Pet Food Invites Mice – Advice From the Pros
By Chris Williams on May 23, 2011.
Mr. Fido and Miss Kitty are happy, contented, slightly overweight pets. They’re fed twice a day and Miss Kitty always has her bowl of dry food in the corner of the kitchen. It gets topped off when the bottom of the bowl shows.
You might think you keep a spotless home but you may be overlooking a prime food source for mice – pet food. We’re not just talking about pet food for dogs and cats either, we are also talking about food for gerbils, hamsters, fish, bunnies, and especially bird seed. It doesn’t take much to feed a family of mice. Just a few kernels of Cat Crunchies overlooked on the floor.
It’s bedtime, lights are out, people and pets are sleeping. The mouse family living behind the kitchen stove is just waking up and they’re feeling hungry. They don’t have to go far to find a pet food smorgasbord, the same one that is thoughtfully left out for them every night. Mice seldom travel more than 30 feet from their nest to feed. But that can be 30 feet above (attic) and below (basement) as well. If plenty of food is nearby, a mouse often remains within a 10 foot radius of its nest.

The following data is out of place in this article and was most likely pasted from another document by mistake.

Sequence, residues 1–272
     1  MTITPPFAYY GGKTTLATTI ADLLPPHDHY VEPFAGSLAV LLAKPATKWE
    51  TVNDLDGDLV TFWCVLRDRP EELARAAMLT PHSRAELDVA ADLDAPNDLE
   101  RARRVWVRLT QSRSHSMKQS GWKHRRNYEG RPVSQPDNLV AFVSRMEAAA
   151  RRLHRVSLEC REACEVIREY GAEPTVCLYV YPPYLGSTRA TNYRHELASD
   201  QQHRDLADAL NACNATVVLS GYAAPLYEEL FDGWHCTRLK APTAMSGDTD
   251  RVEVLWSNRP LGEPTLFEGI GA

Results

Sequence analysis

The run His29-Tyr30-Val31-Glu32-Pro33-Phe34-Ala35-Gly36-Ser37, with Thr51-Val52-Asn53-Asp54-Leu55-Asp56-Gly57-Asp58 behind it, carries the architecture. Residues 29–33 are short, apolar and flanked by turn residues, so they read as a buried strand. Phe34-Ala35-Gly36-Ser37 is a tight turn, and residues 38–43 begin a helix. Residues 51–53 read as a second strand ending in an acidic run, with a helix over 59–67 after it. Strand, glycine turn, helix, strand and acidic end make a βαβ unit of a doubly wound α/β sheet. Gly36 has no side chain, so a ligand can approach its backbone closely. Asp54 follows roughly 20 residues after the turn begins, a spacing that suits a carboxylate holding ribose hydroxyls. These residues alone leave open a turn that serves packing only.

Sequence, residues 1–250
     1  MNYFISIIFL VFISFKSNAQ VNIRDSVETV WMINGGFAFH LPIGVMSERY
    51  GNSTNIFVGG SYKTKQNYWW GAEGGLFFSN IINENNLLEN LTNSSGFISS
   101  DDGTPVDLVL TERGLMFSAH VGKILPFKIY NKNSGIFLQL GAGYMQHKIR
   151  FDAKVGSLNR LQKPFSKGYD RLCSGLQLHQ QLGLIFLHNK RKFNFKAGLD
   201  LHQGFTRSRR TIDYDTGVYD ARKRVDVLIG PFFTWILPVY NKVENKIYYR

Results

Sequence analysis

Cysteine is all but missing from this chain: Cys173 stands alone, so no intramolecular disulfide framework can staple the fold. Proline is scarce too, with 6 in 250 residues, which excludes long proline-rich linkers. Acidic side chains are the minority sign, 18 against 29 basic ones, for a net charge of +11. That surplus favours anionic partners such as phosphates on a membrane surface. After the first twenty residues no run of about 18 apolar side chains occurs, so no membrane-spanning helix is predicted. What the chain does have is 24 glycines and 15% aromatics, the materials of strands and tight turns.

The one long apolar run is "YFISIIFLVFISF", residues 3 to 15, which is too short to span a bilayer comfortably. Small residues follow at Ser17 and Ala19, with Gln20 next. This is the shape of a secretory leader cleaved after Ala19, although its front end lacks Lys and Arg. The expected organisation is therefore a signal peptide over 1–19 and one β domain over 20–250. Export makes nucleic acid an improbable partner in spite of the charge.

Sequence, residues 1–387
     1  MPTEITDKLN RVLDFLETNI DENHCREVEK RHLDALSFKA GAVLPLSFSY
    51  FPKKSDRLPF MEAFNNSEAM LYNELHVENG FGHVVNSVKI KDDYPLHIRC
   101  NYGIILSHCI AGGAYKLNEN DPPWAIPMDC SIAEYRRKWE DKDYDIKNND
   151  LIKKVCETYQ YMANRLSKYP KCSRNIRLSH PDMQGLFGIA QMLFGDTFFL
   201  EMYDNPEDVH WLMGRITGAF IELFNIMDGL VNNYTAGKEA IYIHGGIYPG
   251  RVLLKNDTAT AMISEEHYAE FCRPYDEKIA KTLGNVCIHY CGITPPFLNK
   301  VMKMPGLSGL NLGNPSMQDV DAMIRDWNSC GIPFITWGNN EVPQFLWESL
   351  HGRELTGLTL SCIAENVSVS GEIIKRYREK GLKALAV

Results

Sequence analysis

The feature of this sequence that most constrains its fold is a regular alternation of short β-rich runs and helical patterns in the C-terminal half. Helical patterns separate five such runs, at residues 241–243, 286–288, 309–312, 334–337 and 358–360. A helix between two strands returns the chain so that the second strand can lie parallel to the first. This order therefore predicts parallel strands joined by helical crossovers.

Mice are nibblers, usually eating 20 or more times during their evening rounds, but eating very little at most stops. In any territory, there will be one or two favorite feeding sites…dark, protected, and with good food…where mice consistently eat more than usual. A strong “mousy” odor and piles of droppings around spilled food mark prime feeding sites.
Mice have a habit of caching or hiding food away to feed on later. The mouse family also discovered a bag of bird seed in the garage and they have been gradually adding seed to their food collection behind the stove. Mice will carry dry pet food or bird seed to their nest or deposit it in wall voids, attics, or inaccessible sites that only mice can get to like under kitchen cabinets. This becomes a further problem because this makes the stored food available to “pantry pests” like Indian meal moths, sawtoothed grain beetles, and dermestid beetles.
There are two main steps that you can take with your handling of pet food that will go a long way toward eliminating food for mice:
(1) Don’t leave pet food available to pets any longer than necessary, and definitely not overnight. Pick up any pet food not eaten before going to bed. Sweep up stray dry pet food kernels. It doesn’t take much to feed a mouse, about 1/10 ounce of dry food a day.
(2) Store pet food in mouse-proof containers, not in original bags or boxes. Keep dry pet food and bird seed in tightly sealed metal or glass containers or in a refrigerator. Clean up spillage immediately.